This fifth group of Connoisseur florals includes a pair that is most appropriate for the current winter holiday season; all but one of the following were limited editions.
Autumn Gold, issued in 1984, was an edition of only 10 priced at $3500. This is low but wide study at 6.5″ high x 15″ wide. (16.5cm x 38cm)
The Joyful News iris is from 1986, an edition of 25 at $3500 and measuring 13″ h x 19″ w. (33cm x 48cm) This represents an actual tall bearded iris hybrid that was introduced to the trade in 1984.
Phalaenopsis have always been my favorite kind of orchid, and Connoisseur’s Phalaenopsis Orchid Group is a particularly appealing one, with its pink-blushed white blooms. This limited edition of 10 in 1985 sold for $1050 initially. It is 6″ high and 10″ wide (15.25cm x 25.5cm). The next two studies are also orchids.
The White Cymbidiums group also appeared in 1985, as an edition of 100 at $1100. Dimensions are 8″ h x 13″ w.(20.25cm x 33cm) The open edition Pink Cymbidiums, showing two blooms, was also issued the same year; it can be seen in Flowers Part Four.
This is the limited edition group of Tropical Dawn Orchid. Although the exact issue year is unknown, the edition of 100 was priced at $2100 in the mid-1980s and was $2495 by 1990. It is taller than the others at 10.5″ (26.5cm) high. It also had an accompanying open edition single-bloom version which is shown in Confusing Connoisseur Cattleyas.
This lovely 8.5″ high (21.5cm) basket is Midsummer Dream, an edition of 50 from 1986 and priced at $3250.
Turning from romantic to dramatic, the 18″ (45.75cm) high Bird of Paradise was a 1988 edition of 50 at $3995 which rose to $4500 a few years later. The striking African native Strelitzia reginae was discovered in 1773 and named in honor of Queen Charlotte of Mecklenburg-Strelitz, wife of King George III.
Camellias were a favorite floral subject at Connoisseur; this is El Dorado issued in 1983 as an edition of 50. Issue price was $750 and it measure 5.25″ h x 12″ w. (13.25cm x 30.5cm) This hybrid is also known as Camellia ‘Hazel Asper’ in honor of the wife of the original 1967 hybridizer.
This camellia basket study is Blair House, an edition of 25 which sold for $3500 on a mid-1980s price list. The actual hybrid depicted is Camellia ‘Ann Blair Brown’ and it also has a variegated-leaf form. The butterfly is known as the Camberwell Beauty in the UK and as the Mourning Cloak in America. Ann Blair Brown was Executive Director of the American Camellia Society as well as the editor of several editions of the American Camellia Yearbook during the 1980s.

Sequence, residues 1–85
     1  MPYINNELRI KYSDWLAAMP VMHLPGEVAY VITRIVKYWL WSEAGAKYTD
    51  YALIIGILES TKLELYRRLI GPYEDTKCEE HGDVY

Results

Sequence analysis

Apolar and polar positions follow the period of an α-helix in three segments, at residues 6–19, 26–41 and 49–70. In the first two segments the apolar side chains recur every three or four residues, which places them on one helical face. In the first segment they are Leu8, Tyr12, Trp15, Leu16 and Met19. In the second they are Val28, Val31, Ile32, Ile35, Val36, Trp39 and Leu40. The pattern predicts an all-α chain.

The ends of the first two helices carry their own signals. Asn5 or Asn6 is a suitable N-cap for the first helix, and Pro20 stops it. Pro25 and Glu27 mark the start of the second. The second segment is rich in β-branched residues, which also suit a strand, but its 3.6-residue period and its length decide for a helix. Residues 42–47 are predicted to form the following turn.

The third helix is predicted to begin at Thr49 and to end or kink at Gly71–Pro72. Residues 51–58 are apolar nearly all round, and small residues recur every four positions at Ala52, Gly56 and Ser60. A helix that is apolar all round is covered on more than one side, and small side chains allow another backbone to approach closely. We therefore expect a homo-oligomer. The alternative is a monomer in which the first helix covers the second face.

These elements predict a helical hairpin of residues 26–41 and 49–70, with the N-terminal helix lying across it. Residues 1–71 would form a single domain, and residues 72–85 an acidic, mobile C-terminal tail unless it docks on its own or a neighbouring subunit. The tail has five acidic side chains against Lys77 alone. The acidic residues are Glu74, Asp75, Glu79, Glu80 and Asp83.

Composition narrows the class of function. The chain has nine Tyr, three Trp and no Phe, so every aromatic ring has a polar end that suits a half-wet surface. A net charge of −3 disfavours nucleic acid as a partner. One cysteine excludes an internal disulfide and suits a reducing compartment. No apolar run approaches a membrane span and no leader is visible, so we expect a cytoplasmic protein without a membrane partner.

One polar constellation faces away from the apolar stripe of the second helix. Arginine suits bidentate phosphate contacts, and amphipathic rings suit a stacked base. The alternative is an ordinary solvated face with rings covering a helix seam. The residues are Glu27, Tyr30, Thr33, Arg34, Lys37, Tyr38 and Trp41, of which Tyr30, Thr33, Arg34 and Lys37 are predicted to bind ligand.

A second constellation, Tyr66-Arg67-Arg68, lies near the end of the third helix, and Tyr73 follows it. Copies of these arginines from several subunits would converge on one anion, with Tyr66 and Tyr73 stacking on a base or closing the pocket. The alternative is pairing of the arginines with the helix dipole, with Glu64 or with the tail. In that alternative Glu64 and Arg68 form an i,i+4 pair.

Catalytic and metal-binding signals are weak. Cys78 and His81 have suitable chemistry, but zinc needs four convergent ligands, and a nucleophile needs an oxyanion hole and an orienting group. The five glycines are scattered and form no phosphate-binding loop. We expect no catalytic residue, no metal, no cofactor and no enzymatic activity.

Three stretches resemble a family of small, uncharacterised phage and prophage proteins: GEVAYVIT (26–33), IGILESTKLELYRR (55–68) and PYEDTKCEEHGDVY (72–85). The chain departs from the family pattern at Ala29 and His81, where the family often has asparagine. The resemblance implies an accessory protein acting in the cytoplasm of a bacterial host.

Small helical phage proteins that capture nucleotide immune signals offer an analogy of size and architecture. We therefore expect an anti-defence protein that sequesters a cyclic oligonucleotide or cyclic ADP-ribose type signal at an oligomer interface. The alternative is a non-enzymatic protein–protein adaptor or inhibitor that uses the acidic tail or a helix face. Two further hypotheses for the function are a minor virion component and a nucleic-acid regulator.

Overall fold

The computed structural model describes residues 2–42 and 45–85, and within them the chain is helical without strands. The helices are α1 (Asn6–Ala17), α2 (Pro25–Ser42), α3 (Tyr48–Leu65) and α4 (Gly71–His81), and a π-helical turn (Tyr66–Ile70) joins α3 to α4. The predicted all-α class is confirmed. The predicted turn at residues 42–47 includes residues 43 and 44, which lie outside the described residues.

The Swan Lake Camellia by Diane Lewis was an issue of 100 in 1988, priced at $1250 which rose to $1450 shortly thereafter. Dimensions are 7.25″ high x 12″ wide (19cm x 45.25 cm).
Blue Velvet, a Diane Lewis study in 1990, was an edition of 50 at $4800. It is 14.5″ high x 9″ wide (37cm x 23cm) – unfortunately this example was noted as having “several broken off pieces.” The rose here is cited as ‘Highness’ and may refer to the hybrid ‘Royal Highness’ which is a very fragrant lovely pink from 1962. A similar combination of roses and delphiniums is seen in Rhapsody in Blue in Flowers Part Four.
Another Diane Lewis study is Pink Oasis. Its issue year is not known but it was limited to 50 and is 11.5″ h x 14″ w. (29.25cm x 35.5cm) It is very similar to Pleasure Island which is shown in Flowers Part Four, using the same base and same blue container. However, that study contains sprays of blue iris instead, providing very different effect. It would be lovely to have both displayed together! The Pink Oasis above was cited as having one broken-off catkin, shown here in its amazing detail.
Sadly, this lovely azalea study named Strawberry Ice is also damaged, having three petals broken off. Designed by Diane Lewis, it was issued in 1987 as an edition of 100 and is 9″ h x 10″ w. (23cm x 25.5cm) The actual hybrid is a Knaphill-Exbury deciduous azalea that can reach 8 feet in height.
Shifting from spring to summer, Montbretia Sprays incorporates gazania blooms and lotus flower pods in the composition. Other than the height of 11″ (28 cm) and an approximate dating of the mid-1980s I currently have no other information about this study. The genus Montbretia is also known as Crocosmia; the flowers come in shades of yellow, orange, and a true red aptly named ‘Lucifer.”
This study is named American Glory, an edition of 50 standing 13″ (33cm) high, designed by Diane Lewis. This piece is connected to, but was not officially part of, the American Wildflower Collection series done in the late 1980s. That series did have a limited edition of the same issue size and dimension, called The Pride of Texas, and this study can be considered as a ‘national’ (rather than a ‘regional’ based) companion piece.
It seems fitting to end a late-December pictorial overview with Connoisseur’s two poinsettia studies: a limited group study and an open edition single bloom.
The Poinsettia group, accented with a holiday bow element, debuted in 1984 as a limited edition of 50 at $1300. Although the red version shown was the most popular, it was also produced in pink and in white albeit in much smaller quantities. Dimensions are 8.75″ h x 7.5″ w x 9″ d. (22.25cm x 19cm x 23cm)
The single Poinsettia was an open edition in either 1987 or 1988 (exact issue year uncertain.) It is between 4″ and 5″ (10-12.5cm) high and also was made in three colors although, like the limited edition version, most were red.
A ‘mystery piece with an intriguing name was Midnight Sun which appears on a mid-1980s text-only price list under the Florals heading as an edition of 25 for $1850. No further particulars, unfortunately, but I would certainly like to unearth a photo someday!
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